Woodcarvings, Passion Plays & Bavarian Attire: Germany’s Oberammergau

Oberammergau painted building

For the next few months, we’ll be hanging our (warm winter) hats in Oberammergau, a village situated in Germany’s Alps, where residents sometimes still sport traditional feather-adorned, green woolen hats and custom-tailored Lederhosen, while they hail passersby with a hearty Grüß Gott (literally ‘Greet God’) and warm smiles. Oberammergau is perhaps best known for its Holzschnitzer (woodcarvers), colorful frescoes (known locally as Lüftlmalerei), and Passion Play, which is held once every ten years.

Oberammergau Hotel Alte Post Detail

During a Black Death (bubonic plague) epidemic that swept the area in the 1630s, Oberammergau lost many inhabitants. As the story goes, Oberammergau residents pledged to perform a passion play regularly, if God spared them further ravages of the Black Death. The first play was held in 1634, and today, more than 2,000 villagers take part in all aspects of its production. During its five-month run, which takes place in years ending with zero, Oberammergau’s Passion Play attracts hundreds of thousands of visitors from all corners of the world. The Passion Play will next be held in Oberammergau in 2020.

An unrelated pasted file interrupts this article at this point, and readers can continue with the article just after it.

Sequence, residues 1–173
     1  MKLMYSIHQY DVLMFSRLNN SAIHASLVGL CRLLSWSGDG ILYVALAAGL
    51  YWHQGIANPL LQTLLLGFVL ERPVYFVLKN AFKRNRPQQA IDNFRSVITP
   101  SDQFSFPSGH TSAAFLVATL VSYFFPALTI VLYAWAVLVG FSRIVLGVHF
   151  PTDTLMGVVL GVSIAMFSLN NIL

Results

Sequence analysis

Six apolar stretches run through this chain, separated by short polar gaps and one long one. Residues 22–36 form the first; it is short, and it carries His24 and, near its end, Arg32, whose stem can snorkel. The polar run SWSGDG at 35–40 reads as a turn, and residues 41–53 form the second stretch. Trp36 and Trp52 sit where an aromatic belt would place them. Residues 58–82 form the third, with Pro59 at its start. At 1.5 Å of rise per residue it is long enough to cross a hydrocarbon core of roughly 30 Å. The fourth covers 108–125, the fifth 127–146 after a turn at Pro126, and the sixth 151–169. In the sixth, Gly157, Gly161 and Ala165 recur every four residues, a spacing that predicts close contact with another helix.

Oberammergau woodcarving and building with fresco

In the last autumn weekend before winter arrived on the scene, we took to the streets of Oberammergau, admiring the frescoes (which largely feature religious or natural themes), the choir of the church bells on the hour, and the rolling green hills and their furry inhabitants. Though a few roses and autumn flora held on late in the season, it was apparent winter was waiting in the wings. Most yards were well-stocked with meticulously-cut lumber, and some residents were already donning woolen knee-socks.

Thank goodness we’ve found some delightful Bäckerei and cafés* in which to warm ourselves up with piping-hot pumpkin soups and crusty breads.

Gluten free soup in Oberammergau restaurant

Gluten-free pumpkin cream soup at the Theater-Café am Passionstheater

Oberammergau wood carved bears

Oberammergau woodcarving and building with fresco

Der Koeffl - Oberammergau

Oberammergau restaurant

Oberammergau home with chalet birdfeeder

Oberammergau building with fresco

Oberammergau building with fresco Oberammergau building with fresco

Oberammergau home

Wood ready for winter

Oberammergau restaurant Oberammergau cuckoo clock

Oberammergau building with fresco

Oberammergau building with fresco Oberammergau Fresco

Oberammergau fresco and roses

Oberammergau home with shutters